windwind1 /wɪnd/ ●●●S2W2 noun1air (also the wind) [countable, uncountable]DN moving air, especially when it moves strongly or quickly in a current → windyThe wind blew from the northeast.Planes were unable to take off because of high winds. →crosswind, downwind, headwind, tailwind, trade wind, upwind2 →get/have wind of something3breath [uncountable]BREATHE your ability to breathe normallyget your wind (back) (=be able to breathe normally again, for example after running)knock the wind out of somebody (=hit someone in the stomach so that they cannot breathe for a moment) → second windat second1(12), → windpipe4in your stomach [uncountable] British EnglishMI the condition of having air or gas in your stomach or intestines, or the air or gas itselfSYN gas American EnglishI can’t drink beer – it gives me wind.‘What’s wrong with the baby?’ ‘Just a little wind.’5 →take the wind out of somebody’s sails6 →see which way the wind is blowing7 →something is in the wind8 →winds of change/freedom/public opinion etc9 →put the wind up somebody/get the wind up10 →the winds/the wind section11 →like the wind12talk [uncountable] British English informalUNTRUE talk that does not mean anything → break windat break1(31), → it’s an ill wind (that blows nobody any good)at ill1(4), → sail close to the windat sail1(6), → straw in the windat straw(5)COLLOCATIONSadjectivesstrongThe wind was so strong he could hardly stand.light/gentle (=not strong)Winds tomorrow will be light.high winds (=strong wind)High winds are making driving conditions difficult.a cold/chill windThere was a cold wind this afternoon.an icy/biting/bitter wind (=very cold)She shivered in the icy wind.a gusty/blustery wind (=not blowing steadily)A blustery wind was sending light flurries of rain against the window.a fresh wind British English (=quite cold and strong)It will feel colder in places exposed to a fresh northeasterly wind.a 20-/40-mile-an-hour windThe walkers struggled in 35-mile-an-hour winds.gale force/hurricane force winds (=very strong)He was buffeted by the gale force winds.the north/south etc wind (=coming from the north etc)They sought shelter from the north wind.a northerly/southerly etc wind (=coming from the north etc)A fresh northerly wind was speeding the ship southwards.the prevailing wind (=the most frequent wind in an area)The prevailing wind comes from the west.verbsthe wind blowsA cold wind was blowing.the wind picks up (also the wind gets up British English) (=becomes stronger)The rain beat down and the wind was picking up.the wind drops/dies down (=becomes less strong)The wind had dropped a little.the wind howls (=makes a lot of noise)The wind howled round the house all night.the wind changes (=starts blowing from a different direction)The wind had to change before his fighting ships could sail against the Spanish.phrasesa gust of windA gust of wind rattled the window.be blowing/swaying/flapping etc in the windThe trees were all swaying in the wind.wind + NOUNwind speedWind speeds of up to 80 miles an hour were recorded.THESAURUSwind air moving in a current, especially strongly or quicklyA cold wind was blowing from the east.Strong winds caused damage to many buildings.breeze a gentlepleasantwindThe trees were moving gently in the breeze.A slight breeze ruffled her hair.draught British English, draft American English /drɑːft $ dræft/ a current of cool air which blows into a room, especially one that makes you feel uncomfortableThere’s a bit of a draught in here – can you close the door?a strong windgale a very strong windThe ship was blown off course in a severe gale.Howling gales and torrential rain continued throughout the night.hurricane a storm that has very strong fast winds and that moves over water – used about storms in the NorthAtlanticOceanThe hurricane devastated Florida and killed at least 40 people.typhoon a violenttropical storm – used about storms in the WesternPacific OceanA typhoon has hit the Philippines, lifting roofs off houses and uprooting trees.tornado (also twister American English informal) a violent storm with strong winds that spin very quickly in a circle, often forming a cloud that is narrower at the bottom than the topThe town was hit by a tornado that damaged several homes.cyclone a violent tropical storm with strong winds that spin in a circleA devastating cyclone struck Bangladesh in April that year.This cyclone was traveling at speeds in excess of 21 miles per hour.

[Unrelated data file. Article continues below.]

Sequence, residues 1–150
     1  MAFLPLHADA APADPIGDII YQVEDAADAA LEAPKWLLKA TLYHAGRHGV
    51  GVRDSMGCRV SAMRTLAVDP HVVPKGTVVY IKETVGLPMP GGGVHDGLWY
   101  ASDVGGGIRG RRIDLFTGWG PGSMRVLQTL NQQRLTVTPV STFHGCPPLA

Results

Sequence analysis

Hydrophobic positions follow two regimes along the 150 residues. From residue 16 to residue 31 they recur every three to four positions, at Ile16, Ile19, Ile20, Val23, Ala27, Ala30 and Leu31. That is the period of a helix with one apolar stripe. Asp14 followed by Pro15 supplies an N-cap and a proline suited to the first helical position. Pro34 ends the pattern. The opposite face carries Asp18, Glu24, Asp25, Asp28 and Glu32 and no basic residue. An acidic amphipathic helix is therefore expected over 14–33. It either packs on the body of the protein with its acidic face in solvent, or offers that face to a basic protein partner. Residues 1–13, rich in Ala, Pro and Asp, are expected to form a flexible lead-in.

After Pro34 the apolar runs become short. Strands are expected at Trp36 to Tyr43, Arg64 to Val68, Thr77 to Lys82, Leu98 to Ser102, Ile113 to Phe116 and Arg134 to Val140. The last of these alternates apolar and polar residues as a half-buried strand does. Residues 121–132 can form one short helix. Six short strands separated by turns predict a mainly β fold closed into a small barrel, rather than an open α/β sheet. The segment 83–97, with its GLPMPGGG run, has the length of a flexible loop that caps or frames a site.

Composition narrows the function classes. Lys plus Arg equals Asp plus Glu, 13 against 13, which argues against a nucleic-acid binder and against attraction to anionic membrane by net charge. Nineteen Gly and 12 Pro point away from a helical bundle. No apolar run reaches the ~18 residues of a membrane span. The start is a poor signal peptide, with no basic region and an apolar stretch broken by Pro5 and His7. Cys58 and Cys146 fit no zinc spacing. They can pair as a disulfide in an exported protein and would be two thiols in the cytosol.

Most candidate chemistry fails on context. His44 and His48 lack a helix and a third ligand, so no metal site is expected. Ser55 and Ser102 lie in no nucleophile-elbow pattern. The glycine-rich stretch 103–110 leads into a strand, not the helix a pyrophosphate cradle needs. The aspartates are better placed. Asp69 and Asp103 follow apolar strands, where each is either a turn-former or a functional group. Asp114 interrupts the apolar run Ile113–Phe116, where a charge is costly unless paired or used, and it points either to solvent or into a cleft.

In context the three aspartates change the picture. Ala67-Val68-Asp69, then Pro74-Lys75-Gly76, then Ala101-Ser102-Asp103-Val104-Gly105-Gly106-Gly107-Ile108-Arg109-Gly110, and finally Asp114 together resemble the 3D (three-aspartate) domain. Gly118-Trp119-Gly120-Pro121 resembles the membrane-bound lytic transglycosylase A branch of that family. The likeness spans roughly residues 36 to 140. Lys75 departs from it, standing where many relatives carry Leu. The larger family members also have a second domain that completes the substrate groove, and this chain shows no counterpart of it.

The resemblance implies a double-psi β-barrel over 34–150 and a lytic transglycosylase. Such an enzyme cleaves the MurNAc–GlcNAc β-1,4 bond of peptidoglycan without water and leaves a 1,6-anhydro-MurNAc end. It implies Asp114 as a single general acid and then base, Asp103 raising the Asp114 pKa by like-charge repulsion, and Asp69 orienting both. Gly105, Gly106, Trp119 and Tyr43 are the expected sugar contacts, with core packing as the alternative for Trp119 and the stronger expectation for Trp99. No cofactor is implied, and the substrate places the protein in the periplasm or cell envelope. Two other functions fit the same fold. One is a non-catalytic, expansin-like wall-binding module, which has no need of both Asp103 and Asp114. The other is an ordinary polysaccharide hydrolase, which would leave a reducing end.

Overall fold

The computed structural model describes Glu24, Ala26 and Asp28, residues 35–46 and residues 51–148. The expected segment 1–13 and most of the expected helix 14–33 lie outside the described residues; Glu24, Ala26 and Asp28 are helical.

Examples from the Corpus
wind• We tie up the boats and wade up the creek towards it, enveloped in a wind of finemist.• You can even feel the deckshift beneath your feet or shiver in the icecoldarcticwind.• There was a bitingwind from the right which made all the deadwinterstemsrattle and rustle feverishly.• A bitterwind was blowing from the East• a 30-mile-an-hour wind• A suddengust of wind blew the paper out of his hand.• Some kind of wind had risenoutside and was whistling through the rottenwindowcasement and the ill-fitted panes.• With the rain came a southerlywind, moderate at first but then steadily increasing until it built to gale force.• Strong winds caused damage to many buildings.• But everyone erupted into giggles and bolted down the street as free of deference as the wind.• Gregson felt the windwhipping around him, felt the chill grow more intense.• The flagsfluttered gently in the wind.• We walked home through the wind and the rain.• She could not believe that the typhoonwinds of change could alter our family.knock the wind out of somebody• None of this has knocked the wind out of me, so to speak.• Seeing an actualreproduction of it knocks the wind out of me.windwind2 /waɪnd/ ●●●S3W3 verb (past tense and past participle wound /waʊnd/)1[transitive always + adverb/preposition]BEND to turn or twist something several times around something elsewind something around/round somethingThe hair is divided into sections and wound around heated rods.2[transitive] (also wind up)TURN to turn part of a machine around several times, in order to make it move or start workingDid you remember to wind the clock?3[intransitive always + adverb/preposition]BEND if a road, river etc winds somewhere, it has many smoothbends and is usually very longwind (its way) through/along etc somethingHighway 99 winds its way along the coast.a winding path4[transitive] to make a tape move in a machinewind something forward/backCan you wind the video back a little way – I want to see that bit again. →rewind —wind noun [countable] →wind down →wind up→ See Verb table